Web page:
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3 Article Summary

In the article, “What Did You *Think* They Do With Your Data?”, it is brought to the reader’s attention that the app AccuWeather was selling: “users’ anonymized data with a third-party company for profit” (Whittaker 1). AccuWeather was doing this without its users’ knowledge or direct consent. The app sold the data even when users declined the app’s request to access to their location while not using the app. However, this request does not mention that the app will sell your anonymized data to a third-party company. Although the user does not give direct consent to AccuWeather to sell their data the user should know that when they get a free app the business has to stay afloat somehow. In this case, the app sells the data in order to get money. This especially is important because AccuWeather is a publisher. For publishers, the advertising business is not good right now. In order replace the money that was lost with advertising publishers sell their users data: “so they can stay in bu…

Micro-Chipping in Humans

Kallie Poon Intro to CS - A Blue 10/4/17 Micro-Chipping in Humans
Micro-chipping a human means injecting a small microchip between the index finger and thumb of a human hand. Microchips allow a person to complete tasks that use RFID technology with the swipe of a hand. This might include entering a secure building, paying for things or using public transportation. The use of a microchip could eliminate the need for someone to carry around a wallet. This technology has been used in Sweden and at a technology company called Three Square Market in Wisconsin. Employees of Three Square Market can voluntarily choose to have these microchips, which are about the size of a grain of rice, injected into their hand. These microchips will allow them to get into the secure building as well as pay for lunch with just the swipe of a hand. This technology has many good things going for it but it also has some downsides. An advantage to having a microchip injected into your hand is the ability to eliminat…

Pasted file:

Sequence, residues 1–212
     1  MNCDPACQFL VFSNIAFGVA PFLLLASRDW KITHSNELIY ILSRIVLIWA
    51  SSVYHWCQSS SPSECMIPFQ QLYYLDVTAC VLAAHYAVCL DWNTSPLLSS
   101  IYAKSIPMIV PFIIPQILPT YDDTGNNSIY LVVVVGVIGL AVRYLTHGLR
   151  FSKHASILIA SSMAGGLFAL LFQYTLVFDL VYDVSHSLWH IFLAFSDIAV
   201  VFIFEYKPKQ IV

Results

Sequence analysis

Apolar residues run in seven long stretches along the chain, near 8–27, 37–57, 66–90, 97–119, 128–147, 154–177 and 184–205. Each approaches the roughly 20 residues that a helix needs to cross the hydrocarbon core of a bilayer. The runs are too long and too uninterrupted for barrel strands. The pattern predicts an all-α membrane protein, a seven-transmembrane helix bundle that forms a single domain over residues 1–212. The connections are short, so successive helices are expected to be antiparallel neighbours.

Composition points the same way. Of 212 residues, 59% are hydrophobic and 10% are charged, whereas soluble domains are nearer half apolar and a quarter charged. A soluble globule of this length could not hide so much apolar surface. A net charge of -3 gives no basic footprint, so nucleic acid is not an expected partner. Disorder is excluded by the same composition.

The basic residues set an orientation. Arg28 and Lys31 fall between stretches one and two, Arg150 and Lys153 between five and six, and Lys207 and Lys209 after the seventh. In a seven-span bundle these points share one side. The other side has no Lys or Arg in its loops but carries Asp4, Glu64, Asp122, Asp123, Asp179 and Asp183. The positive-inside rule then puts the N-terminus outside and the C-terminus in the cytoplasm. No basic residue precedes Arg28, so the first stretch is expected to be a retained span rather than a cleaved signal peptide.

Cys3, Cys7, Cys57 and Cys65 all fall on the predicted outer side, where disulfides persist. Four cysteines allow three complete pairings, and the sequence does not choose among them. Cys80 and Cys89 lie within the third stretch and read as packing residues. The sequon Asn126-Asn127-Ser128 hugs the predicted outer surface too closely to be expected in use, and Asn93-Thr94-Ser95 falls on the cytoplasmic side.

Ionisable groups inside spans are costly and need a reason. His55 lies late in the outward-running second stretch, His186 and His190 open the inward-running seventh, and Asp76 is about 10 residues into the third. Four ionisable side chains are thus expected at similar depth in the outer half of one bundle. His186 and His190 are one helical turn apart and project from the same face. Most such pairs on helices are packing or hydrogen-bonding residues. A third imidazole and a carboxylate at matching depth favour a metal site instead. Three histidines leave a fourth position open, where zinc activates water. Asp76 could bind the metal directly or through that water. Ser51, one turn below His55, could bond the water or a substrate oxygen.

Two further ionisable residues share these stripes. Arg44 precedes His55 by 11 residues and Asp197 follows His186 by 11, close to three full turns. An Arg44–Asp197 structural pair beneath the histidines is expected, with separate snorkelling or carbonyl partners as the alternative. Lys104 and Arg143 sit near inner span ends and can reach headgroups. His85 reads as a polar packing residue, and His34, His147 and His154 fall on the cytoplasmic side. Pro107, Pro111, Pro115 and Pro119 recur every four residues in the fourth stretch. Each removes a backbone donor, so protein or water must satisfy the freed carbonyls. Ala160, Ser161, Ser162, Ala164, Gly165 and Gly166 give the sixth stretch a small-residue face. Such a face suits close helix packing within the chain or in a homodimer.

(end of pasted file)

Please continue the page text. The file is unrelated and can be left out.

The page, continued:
Technology Spotlight

Technology Spotlight
A toaster oven can be described as a computer based on the definition that a computer is a device that accepts input and processes it in some way that produces an output automatically. A toaster oven is usually square in size. It have a door that opens outward and has a rack inside of it. There are two heating elements on the inside the toaster oven at the bottom. To the right is a panel of buttons to control the toaster oven. A toaster oven receives data from the user. When a user sets the temperature on a toaster oven they are inputting data. The type of data the toaster accepts is in the form of on/off, heat setting and timer. The user will put a piece of bread into the toaster oven. After the bread is in the oven the user will set the timer and the temperature. Then the user will press start. The toaster oven receives this data and starts to heat up the heating elements at the bottom of the toaster. The timer also starts. Once the timer is up the heat turns off…

Everyday Algorithm

Preparing a cup of tea
Get a mug out of the cupboard Get a teabag out of the pantry Put the teabag in the mug Get a kettle Fill it with water Put kettle on the stove Turn on stove Wait for water to boil If water is not boiling Leave kettle on stove Go back to line 8 Else if water is boiling Turn off stove Take kettle off of stove